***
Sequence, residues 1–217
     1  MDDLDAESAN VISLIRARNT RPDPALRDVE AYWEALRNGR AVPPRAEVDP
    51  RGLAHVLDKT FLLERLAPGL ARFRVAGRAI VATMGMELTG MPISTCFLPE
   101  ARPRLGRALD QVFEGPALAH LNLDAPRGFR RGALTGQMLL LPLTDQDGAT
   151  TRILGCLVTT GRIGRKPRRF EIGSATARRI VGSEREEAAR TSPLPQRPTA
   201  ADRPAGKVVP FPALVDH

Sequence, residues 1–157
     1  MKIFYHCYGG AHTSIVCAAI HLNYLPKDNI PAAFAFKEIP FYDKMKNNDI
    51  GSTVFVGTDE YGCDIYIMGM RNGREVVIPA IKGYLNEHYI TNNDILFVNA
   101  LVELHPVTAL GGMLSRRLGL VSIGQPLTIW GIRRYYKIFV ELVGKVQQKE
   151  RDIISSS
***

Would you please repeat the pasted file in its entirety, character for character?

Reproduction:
Sequence, residues 1–217
     1  MDDLDAESAN VISLIRARNT RPDPALRDVE AYWEALRNGR AVPPRAEVDP
    51  RGLAHVLDKT FLLERLAPGL ARFRVAGRAI VATMGMELTG MPISTCFLPE
   101  ARPRLGRALD QVFEGPALAH LNLDAPRGFR RGALTGQMLL LPLTDQDGAT
   151  TRILGCLVTT GRIGRKPRRF EIGSATARRI VGSEREEAAR TSPLPQRPTA
   201  ADRPAGKVVP FPALVDH

Sequence, residues 1–157
     1  MKIFYHCYGG AHTSIVCAAI HLNYLPKDNI PAAFAFKEIP FYDKMKNNDI
    51  GSTVFVGTDE YGCDIYIMGM RNGREVVIPA IKGYLNEHYI TNNDILFVNA
   101  LVELHPVTAL GGMLSRRLGL VSIGQPLTIW GIRRYYKIFV ELVGKVQQKE
   151  RDIISSS